It’s funny. You talked about, you could read it like reading books and time and time again, it’s funny in this digital age, as we move further away from reading books, if you ask most successful people the one thing that they say made them a success is reading as many books as possible. And I know that your team is so efficient and progressive and meets a lot of milestones faster than other startups. And I wonder if operating the company in this way contributes to the efficiency and the milestones that you’re able reach in that way.
Lauren Kelley-Chew (27:04):
That’s the hope. And like I said, we’re always trying new things. So if something isn’t working, it’s likely we’ll probably fix it or no, let’s not call it fix it. We’ll change it. We’ll try something else. And maybe that new change will be better. So that’s the culture.
Espree Devora (27:17):
You talked about your parents. So just for a heartbeat. So what did your parents do with this new data? Were they like, “What are you getting me into?” What was that like?
Lauren Kelley-Chew (27:28):
It’s interesting. I should probably start by saying they’re both professors. So they’re very academic in their orientation. Initially I think it was a little bit… They weren’t really sure what they were looking at when their blood sugar data first came up. And we had a lot of… This was over the holidays, and this was actually the first time our family was together in two years. So there was a lot going on. So I was there helping them. And we had a lot of conversations about metabolic health and what the various things mean. But in the end, they actually learned really quickly that the goal was to keep their blood sugar in a certain range. And that there were foods that would help them do that. And it was amazing to see how quickly they adapted. They’re now in a phase when they are experimenting, I think is what they’re calling it, where they’re trying to reincorporate some of the foods that they love or working on substitutes. So it’s been fun to see them go through the process.
Espree Devora (28:14):
Do you happen to know either for yourself or your parents one of the bad foods that turned out not to hit their system so bad. It wasn’t as bad as they thought it was.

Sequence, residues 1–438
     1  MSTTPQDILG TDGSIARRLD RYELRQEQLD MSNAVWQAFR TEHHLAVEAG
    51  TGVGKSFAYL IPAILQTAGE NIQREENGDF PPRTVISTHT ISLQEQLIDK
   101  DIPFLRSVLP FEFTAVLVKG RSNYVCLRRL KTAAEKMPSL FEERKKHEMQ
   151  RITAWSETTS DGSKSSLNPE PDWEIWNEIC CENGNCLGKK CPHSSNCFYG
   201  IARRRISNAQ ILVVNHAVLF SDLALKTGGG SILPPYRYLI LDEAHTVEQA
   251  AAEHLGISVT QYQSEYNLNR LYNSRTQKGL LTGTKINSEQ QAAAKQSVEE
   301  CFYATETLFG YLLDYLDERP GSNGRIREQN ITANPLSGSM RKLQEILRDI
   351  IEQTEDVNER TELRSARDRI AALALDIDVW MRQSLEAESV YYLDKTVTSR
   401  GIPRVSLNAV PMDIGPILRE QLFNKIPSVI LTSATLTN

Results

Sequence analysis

Lauren Kelley-Chew (28:25):
That’s difficult because in general, the foods that you think are bad end up being bad.
Espree Devora (28:30):
Like which one?
Lauren Kelley-Chew (28:31):
Well, so anything with a lot of sugar in it is going to be bad.
Espree Devora (28:34):
Oh, yes sugar. Yeah.
Lauren Kelley-Chew (28:34):
Right? Like for example, my mom recently experimented with half of a French pastry, and it was just half and she was it was very small and it was almond and it shot her way up. I hope she doesn’t mind me sharing that, but I will say there’s a lot of variation between people. So for example, my dad loves fruit. He also happens to be 6’4″ and is super fit and it ends up he can eat half a banana and it’s fine. I couldn’t do that myself so in that way-
Espree Devora (29:02):
Really? Even half a bananas spikes you?
Lauren Kelley-Chew (29:06):
Definitely. For me, yes. Yeah, unfortunately I have a very low tolerance for carbs of any kind. So I’ll spike on almost anything that has significant carb content.
Espree Devora (29:17):
But see, that’s what’s so interesting is a banana, society viewpoint is a healthy food that is great for you, that you should eat every single day and not have a whole one. This is why I think Levels is just the coolest, because you get to actually know what is healthy for each of our bodies. It’s not speculation. What’s a piece of advice that you’ve gotten in your career that’s really stuck with you?
Lauren Kelley-Chew (29:43):
While we’re on the theme of my parents. I think a piece of advice that I’ve really incorporated into my whole life is what they would say is simple pictures are best. And this was actually based on a children’s story about a family trying to take a portrait, and they keep trying to complicate it by putting like different costumes and bringing the animals in and all these things. And in the end, of course, every time it gets ruined, because something happens. And in the end it’s like the simple picture is the best picture. And I think I’ve really applied that to everything. When I was really in math, I think… Into math, I think often the answer that’s the simplest ends up being the best one. That’s certainly true in medicine in healthcare. And I think ultimately even links to metabolic health. It’s really about kind of connecting the basics of what you eat to what’s happening in your body. And I think that’s one of the great challenges for me and my role is, how do we take something that is so incredibly complex and make it feel simple?